6

I am new at ubuntu and dealing with servers. I use Ubuntu 16.04 x64. I want to have a backup for my entire system, So I followed this video https://www.youtube.com/watch?v=KTayZIou-1M

I type this command

sudo tar -cvpzf mybackup.tar.gz --exclude=/backup/mybackup.tar.gz --one-file-system 

But I got this error

tar: Cowardly refusing to create an empty archive

Then I realised that I forget to add '/' after '--one-file-system' So I add it.

sudo tar -cvpzf mybackup.tar.gz --exclude=/backup/mybackup.tar.gz --one-file-system/

and get this error

tar: unrecognized option '--one-file-system/'

Thanks in advance.

  • 1
    Please check your question, your two commands appear the same, and there is a missing space implied in your error message (the message which doesn't match your command as currently written). – guiverc Feb 13 at 11:08
  • my bad sorry, I edited the '/' in the second command. – yehia tarek Feb 13 at 12:20
29

Add a space before the "/" at the end of your command. Change your:

sudo tar -cvpzf mybackup.tar.gz --exclude=/backup/mybackup.tar.gz --one-file-system/

to

sudo tar -cvpzf mybackup.tar.gz --exclude=/backup/mybackup.tar.gz --one-file-system /
22

Just for completeness:

A simple invocation of tar might be something like: tar cf foo.tar file1 file2 file3. This tells tar to create an archive in a file named foo.tar containing file1, file2 and file3. (Note that with tar, the - before the "command" arguments is optional, so you can use cf or -cf as you see fit).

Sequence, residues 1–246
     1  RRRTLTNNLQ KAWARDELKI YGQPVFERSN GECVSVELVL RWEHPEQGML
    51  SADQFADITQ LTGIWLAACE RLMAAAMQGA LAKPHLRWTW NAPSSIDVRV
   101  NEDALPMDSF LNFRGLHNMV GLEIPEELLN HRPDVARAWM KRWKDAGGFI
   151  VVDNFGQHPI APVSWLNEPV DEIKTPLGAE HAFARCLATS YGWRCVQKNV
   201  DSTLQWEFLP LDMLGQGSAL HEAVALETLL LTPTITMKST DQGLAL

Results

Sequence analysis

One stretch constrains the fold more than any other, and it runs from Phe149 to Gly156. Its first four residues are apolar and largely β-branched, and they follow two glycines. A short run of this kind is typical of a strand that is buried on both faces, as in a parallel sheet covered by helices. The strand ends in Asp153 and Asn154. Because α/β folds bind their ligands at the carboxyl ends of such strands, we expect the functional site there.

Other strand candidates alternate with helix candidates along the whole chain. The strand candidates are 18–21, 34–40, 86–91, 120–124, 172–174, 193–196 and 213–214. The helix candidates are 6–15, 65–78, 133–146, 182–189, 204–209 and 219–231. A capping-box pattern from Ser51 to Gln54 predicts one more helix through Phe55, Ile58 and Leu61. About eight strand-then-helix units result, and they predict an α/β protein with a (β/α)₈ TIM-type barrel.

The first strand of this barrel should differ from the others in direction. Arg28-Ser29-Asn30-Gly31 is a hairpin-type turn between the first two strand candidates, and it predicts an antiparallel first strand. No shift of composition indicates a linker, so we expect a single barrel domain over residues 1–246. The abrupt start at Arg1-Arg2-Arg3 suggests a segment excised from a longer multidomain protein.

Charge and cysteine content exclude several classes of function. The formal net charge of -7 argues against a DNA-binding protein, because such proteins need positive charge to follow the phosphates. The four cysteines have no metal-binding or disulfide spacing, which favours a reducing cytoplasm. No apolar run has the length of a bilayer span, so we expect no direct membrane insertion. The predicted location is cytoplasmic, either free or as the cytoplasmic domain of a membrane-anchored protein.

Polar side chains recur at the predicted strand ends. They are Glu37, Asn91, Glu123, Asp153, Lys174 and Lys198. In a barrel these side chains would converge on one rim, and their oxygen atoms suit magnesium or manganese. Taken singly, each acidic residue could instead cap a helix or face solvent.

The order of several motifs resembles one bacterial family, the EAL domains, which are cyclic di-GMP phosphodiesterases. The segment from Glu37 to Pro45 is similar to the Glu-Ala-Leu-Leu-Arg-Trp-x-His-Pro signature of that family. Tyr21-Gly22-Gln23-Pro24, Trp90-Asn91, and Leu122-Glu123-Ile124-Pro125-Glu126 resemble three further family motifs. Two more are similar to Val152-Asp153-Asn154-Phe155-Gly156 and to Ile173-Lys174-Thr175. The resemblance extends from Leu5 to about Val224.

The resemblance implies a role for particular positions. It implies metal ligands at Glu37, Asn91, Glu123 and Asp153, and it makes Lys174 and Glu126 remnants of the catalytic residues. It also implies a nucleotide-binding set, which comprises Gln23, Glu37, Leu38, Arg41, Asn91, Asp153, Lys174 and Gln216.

Eliminating some other (somewhat irrelevant, for the moment) flags, your first invocation is essentially equivalent to tar cf foo.tar. Like above, this tells it to create an archive in a file named foo.tar, but it does not tell it any files to put into the archive. And that's what the error message is telling you: since you haven't specified any files to archive, there's no point in creating an archive to contain nothing.

When you add the / (and properly separate it from the other parameters), that tells it what files you want to add to the archive, so now it can create an archive that actually contains something (so, barring other errors, it'll do so).

  • 1
    Great explanation of why the original command failed. – TripeHound Feb 14 at 14:32
2

Because you never told it to back up anything

You have

  • the command tar
  • some options that go before the tar file name: -cpzvf
  • the tar file name: mybackup.tar.gz
  • some options that go after the tar file name: --exclude=/backup/mybackup.tar.gz --one-file-system

and then nada. You do not specify a directory to back up. That is a required argument, as you might guess.

Then you caught yourself, and you added the /, but thought it was a modification of an option, rather than a parameter all its own.

The / is a directory. It is the root directory. Saying that in this context means "back up the entire filesystem".

As Peter discussees, tar is not the best way to back up a boot volume. Not least, leaving the tarball on the boot volume does nothing for you if the disk fails.

  • Plus, backups shouldn't contain the previous backup. – wizzwizz4 Feb 14 at 21:58
  • 1
    They don’t, if exclude means what I think it means. – WGroleau Feb 15 at 20:43

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